Ground Water Flow
It is accumulation of water the surface of ground, caused by the portion of rainfall (about 60 percent) which percolates through soil pores or rock crevices, flow gravity till it reaches an impervious stratum, when it moves lateral direction to some point of escape appearing as springs well infiltration galleries.
The surface of the ground water is called ground water table is more generally as the water table. The general characteristics of water table are:
(a) It usually follows the profile of the ground surface, sloping the same direction with little variations in slope
(b) The groundwater level is not static. It fluctuates rising with the increase in percolation during wet season and falling with the repletion of storage during dry season.
(c) Where the groundwater meets streams or natural water sources, the level of ground and surface waters will coincide.
(d) The slope of the water table depends upon the quantity of ground water moving through the ground and resistance to flow. Percolation results in an increase of the ground water storage, raising hereby the water level, lesser at the outlet than at some distance way from it. The slope of the water table, consequently, is increased resulting in an increased rate of flow. Conversely, depletion of the water storage during dry season lowers the water table, flattens the slope, decreasing the rate of flow, and in some cases, when the water level goes below the level of the stream bed, into which it normally discharges, the stream flow may stop.
The Ground waters may be generally classified as (i) Springs (ii) Infiltration galleries (iii) Infiltration wells (iv) Shallow wells & Deep wells
1.4.1 Springs. Springs may be regarded as outcrops of ground water, which often appear as small water holes at the foot of fall or long riverbanks. Springs are generally of two types
(1) Gravity Spring
(2) Artesian Spring
The gravity spring may result either from the out-cropping of the impervious stratum underneath the water bearing formation or from the overflow of water table by the continuous rise in the water table into the sides of the valley. The yield of the gravity spring varies with the position of water table of rainfall and is therefore uncertain.
The artesian spring is one resulting from the water-bearing stratum being under pressure, underlain and overlain impervious strata. Water flows to the surface through the weak spots in the upper impervious strata, either some fault or crevice the rock. The yield of the artesian spring is more uniform and almost constant through the year.
1.4.2 Infiltration Galleries. These are wells constructed in a horizontal position along the riverbanks or other seepage areas from where waster can be tapped across the line of flow.
1.4.3 Infiltration Wells. These are in fact shallow wells constructed along the banks of rivers with the object of tapping water from them. The water infiltrates through the bottom of these – wells and as it has to pass through sand beds on the way, it gets clarified. The water thus collected into various infiltration wells flows by gravity into a sump well hence it is pumped for supply.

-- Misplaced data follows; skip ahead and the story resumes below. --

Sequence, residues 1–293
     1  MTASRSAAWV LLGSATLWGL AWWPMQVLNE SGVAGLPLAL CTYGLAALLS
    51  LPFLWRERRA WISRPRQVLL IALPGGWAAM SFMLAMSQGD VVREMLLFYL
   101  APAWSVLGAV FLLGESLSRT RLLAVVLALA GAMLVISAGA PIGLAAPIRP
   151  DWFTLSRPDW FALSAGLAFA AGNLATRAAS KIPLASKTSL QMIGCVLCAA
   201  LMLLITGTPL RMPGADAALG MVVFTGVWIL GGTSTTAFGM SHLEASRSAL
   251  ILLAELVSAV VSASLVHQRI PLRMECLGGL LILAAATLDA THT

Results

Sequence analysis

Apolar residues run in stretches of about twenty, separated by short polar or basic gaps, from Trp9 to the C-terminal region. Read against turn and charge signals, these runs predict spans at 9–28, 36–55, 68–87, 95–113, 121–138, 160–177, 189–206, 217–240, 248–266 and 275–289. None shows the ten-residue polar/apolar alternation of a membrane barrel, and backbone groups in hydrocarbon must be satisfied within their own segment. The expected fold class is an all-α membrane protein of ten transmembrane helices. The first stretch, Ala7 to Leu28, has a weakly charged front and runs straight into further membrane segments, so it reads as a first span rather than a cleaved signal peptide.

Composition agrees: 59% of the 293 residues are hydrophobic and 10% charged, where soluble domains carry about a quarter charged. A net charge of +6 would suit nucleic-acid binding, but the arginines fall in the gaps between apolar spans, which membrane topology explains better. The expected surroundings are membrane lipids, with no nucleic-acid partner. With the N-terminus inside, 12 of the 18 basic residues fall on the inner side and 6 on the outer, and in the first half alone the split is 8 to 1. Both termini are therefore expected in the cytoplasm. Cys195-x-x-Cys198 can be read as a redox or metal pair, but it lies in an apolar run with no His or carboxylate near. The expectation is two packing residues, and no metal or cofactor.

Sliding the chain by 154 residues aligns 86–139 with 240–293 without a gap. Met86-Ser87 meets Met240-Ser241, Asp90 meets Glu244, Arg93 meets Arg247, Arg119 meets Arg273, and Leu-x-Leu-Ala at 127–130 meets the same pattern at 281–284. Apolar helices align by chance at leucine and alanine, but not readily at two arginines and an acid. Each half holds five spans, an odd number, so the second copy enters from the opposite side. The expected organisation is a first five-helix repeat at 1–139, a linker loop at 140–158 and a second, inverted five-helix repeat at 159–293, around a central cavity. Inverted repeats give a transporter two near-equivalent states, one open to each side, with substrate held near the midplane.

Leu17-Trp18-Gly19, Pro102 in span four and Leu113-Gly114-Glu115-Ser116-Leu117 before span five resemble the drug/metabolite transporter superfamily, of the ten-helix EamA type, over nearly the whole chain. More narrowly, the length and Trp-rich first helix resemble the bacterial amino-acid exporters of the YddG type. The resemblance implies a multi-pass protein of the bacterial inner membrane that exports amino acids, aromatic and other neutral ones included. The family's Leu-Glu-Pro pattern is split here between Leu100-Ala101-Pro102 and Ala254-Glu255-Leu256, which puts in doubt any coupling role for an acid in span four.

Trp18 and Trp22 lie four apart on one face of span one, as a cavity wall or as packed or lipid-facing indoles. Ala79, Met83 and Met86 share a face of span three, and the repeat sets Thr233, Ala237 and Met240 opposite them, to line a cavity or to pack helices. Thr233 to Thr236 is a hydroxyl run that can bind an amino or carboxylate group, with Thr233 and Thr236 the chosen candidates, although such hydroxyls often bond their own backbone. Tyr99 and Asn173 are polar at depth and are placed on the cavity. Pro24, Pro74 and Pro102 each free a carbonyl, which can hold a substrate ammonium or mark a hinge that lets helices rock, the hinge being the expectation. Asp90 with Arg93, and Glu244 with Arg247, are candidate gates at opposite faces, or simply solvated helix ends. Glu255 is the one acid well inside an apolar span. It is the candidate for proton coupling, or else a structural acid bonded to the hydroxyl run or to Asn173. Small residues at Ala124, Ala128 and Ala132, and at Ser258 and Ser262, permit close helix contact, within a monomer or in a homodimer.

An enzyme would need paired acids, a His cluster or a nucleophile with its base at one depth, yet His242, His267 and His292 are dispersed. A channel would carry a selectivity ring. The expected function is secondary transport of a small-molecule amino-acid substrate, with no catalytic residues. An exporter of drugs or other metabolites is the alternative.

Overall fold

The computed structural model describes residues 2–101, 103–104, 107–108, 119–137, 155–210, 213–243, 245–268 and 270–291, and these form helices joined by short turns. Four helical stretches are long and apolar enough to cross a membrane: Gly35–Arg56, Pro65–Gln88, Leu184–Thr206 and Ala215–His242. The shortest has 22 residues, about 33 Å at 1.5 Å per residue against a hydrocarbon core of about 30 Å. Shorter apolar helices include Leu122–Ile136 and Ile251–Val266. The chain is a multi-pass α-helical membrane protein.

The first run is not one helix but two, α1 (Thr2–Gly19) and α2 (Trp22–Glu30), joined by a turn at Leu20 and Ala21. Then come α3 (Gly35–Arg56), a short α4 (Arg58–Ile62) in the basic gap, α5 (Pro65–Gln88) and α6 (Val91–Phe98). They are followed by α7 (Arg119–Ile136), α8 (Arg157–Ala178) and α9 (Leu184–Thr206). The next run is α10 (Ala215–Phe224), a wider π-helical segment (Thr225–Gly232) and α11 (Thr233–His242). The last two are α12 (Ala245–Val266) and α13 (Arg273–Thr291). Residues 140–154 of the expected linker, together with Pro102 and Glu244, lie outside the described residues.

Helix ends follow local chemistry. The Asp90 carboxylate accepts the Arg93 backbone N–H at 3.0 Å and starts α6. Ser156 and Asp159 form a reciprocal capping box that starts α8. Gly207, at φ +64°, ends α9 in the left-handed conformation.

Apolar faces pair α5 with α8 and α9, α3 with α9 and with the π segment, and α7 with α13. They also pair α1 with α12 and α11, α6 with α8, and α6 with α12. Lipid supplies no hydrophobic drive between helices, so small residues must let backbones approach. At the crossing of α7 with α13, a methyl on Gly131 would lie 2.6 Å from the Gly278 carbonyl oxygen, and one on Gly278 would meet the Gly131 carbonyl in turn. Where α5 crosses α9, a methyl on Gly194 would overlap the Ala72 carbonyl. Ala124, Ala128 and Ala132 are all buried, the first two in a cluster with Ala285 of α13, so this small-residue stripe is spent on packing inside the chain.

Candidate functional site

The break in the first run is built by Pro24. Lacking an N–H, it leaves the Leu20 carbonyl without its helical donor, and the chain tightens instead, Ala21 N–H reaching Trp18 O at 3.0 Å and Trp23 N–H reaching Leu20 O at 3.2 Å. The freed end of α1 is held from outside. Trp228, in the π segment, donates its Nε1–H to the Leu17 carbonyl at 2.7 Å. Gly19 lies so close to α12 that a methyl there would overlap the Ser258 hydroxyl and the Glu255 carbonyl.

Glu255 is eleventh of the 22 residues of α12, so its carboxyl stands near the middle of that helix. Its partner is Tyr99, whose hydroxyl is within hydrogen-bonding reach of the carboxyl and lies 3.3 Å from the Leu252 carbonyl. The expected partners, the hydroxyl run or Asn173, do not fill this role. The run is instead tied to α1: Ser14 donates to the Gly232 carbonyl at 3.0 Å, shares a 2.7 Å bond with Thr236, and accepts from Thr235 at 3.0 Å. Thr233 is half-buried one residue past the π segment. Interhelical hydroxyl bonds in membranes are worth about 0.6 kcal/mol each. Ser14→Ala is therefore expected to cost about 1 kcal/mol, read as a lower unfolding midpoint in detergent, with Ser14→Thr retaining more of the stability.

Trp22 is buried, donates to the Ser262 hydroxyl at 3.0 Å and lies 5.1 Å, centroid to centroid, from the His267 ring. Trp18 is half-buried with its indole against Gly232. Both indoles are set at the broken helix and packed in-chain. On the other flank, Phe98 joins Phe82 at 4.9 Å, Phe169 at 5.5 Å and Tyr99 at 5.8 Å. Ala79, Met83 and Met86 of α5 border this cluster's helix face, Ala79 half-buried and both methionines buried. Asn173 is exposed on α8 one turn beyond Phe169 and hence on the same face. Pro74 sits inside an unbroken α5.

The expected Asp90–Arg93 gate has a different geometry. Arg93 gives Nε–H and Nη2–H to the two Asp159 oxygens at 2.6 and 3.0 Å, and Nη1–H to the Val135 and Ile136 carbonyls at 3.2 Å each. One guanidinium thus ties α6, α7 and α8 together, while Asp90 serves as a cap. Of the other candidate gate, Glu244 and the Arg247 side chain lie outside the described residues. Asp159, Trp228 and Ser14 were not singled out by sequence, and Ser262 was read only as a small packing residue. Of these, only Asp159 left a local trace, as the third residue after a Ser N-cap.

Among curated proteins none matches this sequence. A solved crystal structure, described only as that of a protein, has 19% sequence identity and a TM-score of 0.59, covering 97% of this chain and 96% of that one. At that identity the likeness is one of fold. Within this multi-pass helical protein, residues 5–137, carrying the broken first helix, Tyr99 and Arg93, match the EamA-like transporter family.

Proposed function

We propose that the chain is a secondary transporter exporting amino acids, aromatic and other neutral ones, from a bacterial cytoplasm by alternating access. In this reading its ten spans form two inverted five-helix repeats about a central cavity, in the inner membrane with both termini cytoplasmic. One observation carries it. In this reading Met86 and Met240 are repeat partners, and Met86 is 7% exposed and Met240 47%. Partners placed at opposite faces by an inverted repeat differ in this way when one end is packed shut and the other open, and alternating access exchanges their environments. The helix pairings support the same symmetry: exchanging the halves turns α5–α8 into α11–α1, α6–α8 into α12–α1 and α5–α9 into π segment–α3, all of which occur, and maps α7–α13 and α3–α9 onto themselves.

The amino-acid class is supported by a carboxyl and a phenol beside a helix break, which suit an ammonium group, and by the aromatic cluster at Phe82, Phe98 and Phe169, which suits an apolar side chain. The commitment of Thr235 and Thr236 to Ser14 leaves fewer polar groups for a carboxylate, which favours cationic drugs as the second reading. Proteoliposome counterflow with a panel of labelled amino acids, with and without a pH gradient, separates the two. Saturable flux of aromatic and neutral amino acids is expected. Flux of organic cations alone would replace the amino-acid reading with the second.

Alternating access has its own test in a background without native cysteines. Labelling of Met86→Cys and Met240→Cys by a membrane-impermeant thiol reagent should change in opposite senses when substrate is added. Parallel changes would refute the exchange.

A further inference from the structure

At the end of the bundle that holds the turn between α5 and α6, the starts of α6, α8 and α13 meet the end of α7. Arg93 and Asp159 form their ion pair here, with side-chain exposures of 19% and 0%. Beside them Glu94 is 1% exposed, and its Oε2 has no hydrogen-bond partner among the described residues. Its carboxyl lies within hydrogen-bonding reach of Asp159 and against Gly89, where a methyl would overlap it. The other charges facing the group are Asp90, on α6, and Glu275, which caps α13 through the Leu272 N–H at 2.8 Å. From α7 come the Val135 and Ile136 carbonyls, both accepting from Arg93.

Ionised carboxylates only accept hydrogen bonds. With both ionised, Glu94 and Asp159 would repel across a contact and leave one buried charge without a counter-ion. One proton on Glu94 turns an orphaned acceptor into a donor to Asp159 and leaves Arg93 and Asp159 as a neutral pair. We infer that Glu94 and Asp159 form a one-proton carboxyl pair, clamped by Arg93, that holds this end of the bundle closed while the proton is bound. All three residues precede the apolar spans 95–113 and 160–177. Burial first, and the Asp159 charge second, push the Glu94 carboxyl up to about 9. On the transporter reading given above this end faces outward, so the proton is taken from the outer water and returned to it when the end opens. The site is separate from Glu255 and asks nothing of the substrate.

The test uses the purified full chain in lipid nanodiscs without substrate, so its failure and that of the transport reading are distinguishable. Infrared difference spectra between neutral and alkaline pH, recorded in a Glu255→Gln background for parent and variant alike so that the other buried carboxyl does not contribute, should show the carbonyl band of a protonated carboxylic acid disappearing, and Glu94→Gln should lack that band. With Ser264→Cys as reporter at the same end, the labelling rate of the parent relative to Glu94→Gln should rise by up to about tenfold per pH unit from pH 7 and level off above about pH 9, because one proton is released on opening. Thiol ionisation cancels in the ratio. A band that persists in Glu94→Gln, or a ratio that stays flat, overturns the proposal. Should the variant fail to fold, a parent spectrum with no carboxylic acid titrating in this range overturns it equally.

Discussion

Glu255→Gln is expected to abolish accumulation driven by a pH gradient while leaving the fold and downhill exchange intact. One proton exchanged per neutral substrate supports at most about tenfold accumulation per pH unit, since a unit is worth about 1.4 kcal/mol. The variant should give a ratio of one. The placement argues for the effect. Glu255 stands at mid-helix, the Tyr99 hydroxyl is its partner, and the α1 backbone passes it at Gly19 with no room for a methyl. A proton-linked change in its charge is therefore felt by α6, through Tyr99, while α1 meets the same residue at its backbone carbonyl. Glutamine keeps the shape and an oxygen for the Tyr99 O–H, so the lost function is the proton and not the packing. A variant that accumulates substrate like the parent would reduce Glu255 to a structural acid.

A well is a vertical cylindrical opinion, which extends from the surface of the ground down into the water bearing formation. The water bearing formation is termed as the aquifer.
Classification. Wells may be classified into 3 general ways as described below
Wells according to the Aquifer tapped. This is general classification and broadly includes two types – (1) Shallow wells (2) Deep wells.
A shallow well is one, which is constructed by tapping the upper most water-bearing stratum. If, however, deeper and more extensive aquifers have to be tapped in order to get larger and more reliable supplies of water then it is called a deep well. A deep well is usually constructed by tapping a water-bearing stratum underneath an impervious stratum.
As compared to the deep well, a shallow well has the following drawbacks:
(a) Yield of the well i.e., the quantity of water available from the well per unit time is uncertain due to large variations in the ground water level throughout the year. Against this, the yield of a deep well is large and uniform since there are no quick fluctuations in the water level.
(b) Quality of water is generally poor, since only the uppermost underground stratum is tapped, the well water may be open to the risk of contamination due to surface wash or close existence of septic tanks, privies etc., On the other hand, water from the deep well would be more reliable since much of the pollution would have been removed by the longer travel of water and the straining action provided by the intervening porous strata.
Wells according to the condition of flow. Accordingly, wells may be classified as (a) gravity wells and (b) pressure wells. This classification is less general.
A gravity well is one is which the surface of the water in the aquifer outside of and surrounding the well is at atmospheric pressure. The water flows under gravity into the well and rises to the height of saturated material surrounding it. In a pressure well also called as an artesian well, the aquifer is confined or sandwiched between two impervious strata. One above and the other below, so that the water flows under pressure into the well, the water in the aquifer being at a pressure greater than the atmospheric. In some cases, the pressure may be so great that the water rises from the ground surface and flows from the well. This is termed as a flowing well.
Wells according to the type of construction. Accordingly, wells may be classified as (1) Dug well or percolation well (2) Driven well (3) Tube wells.